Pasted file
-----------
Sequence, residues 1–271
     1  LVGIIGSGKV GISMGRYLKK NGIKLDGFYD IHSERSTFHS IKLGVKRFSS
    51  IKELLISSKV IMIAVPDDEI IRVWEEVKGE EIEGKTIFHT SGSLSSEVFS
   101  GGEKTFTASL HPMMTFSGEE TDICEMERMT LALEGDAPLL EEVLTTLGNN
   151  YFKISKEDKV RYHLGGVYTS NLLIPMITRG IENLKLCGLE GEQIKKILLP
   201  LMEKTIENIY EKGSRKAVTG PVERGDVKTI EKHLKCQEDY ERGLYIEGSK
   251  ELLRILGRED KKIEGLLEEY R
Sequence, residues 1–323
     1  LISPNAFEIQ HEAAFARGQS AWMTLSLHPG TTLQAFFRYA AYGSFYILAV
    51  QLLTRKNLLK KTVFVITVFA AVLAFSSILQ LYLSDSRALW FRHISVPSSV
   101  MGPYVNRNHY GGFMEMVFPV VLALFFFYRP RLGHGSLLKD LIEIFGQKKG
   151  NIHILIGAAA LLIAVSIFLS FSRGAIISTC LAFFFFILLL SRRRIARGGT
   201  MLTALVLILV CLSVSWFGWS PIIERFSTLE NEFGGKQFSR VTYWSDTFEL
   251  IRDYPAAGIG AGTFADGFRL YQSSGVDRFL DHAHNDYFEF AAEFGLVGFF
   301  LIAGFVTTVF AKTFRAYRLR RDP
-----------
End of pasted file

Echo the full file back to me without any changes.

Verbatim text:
Sequence, residues 1–271
     1  LVGIIGSGKV GISMGRYLKK NGIKLDGFYD IHSERSTFHS IKLGVKRFSS
    51  IKELLISSKV IMIAVPDDEI IRVWEEVKGE EIEGKTIFHT SGSLSSEVFS
   101  GGEKTFTASL HPMMTFSGEE TDICEMERMT LALEGDAPLL EEVLTTLGNN
   151  YFKISKEDKV RYHLGGVYTS NLLIPMITRG IENLKLCGLE GEQIKKILLP
   201  LMEKTIENIY EKGSRKAVTG PVERGDVKTI EKHLKCQEDY ERGLYIEGSK
   251  ELLRILGRED KKIEGLLEEY R
Sequence, residues 1–323
     1  LISPNAFEIQ HEAAFARGQS AWMTLSLHPG TTLQAFFRYA AYGSFYILAV
    51  QLLTRKNLLK KTVFVITVFA AVLAFSSILQ LYLSDSRALW FRHISVPSSV
   101  MGPYVNRNHY GGFMEMVFPV VLALFFFYRP RLGHGSLLKD LIEIFGQKKG
   151  NIHILIGAAA LLIAVSIFLS FSRGAIISTC LAFFFFILLL SRRRIARGGT
   201  MLTALVLILV CLSVSWFGWS PIIERFSTLE NEFGGKQFSR VTYWSDTFEL
   251  IRDYPAAGIG AGTFADGFRL YQSSGVDRFL DHAHNDYFEF AAEFGLVGFF
   301  LIAGFVTTVF AKTFRAYRLR RDP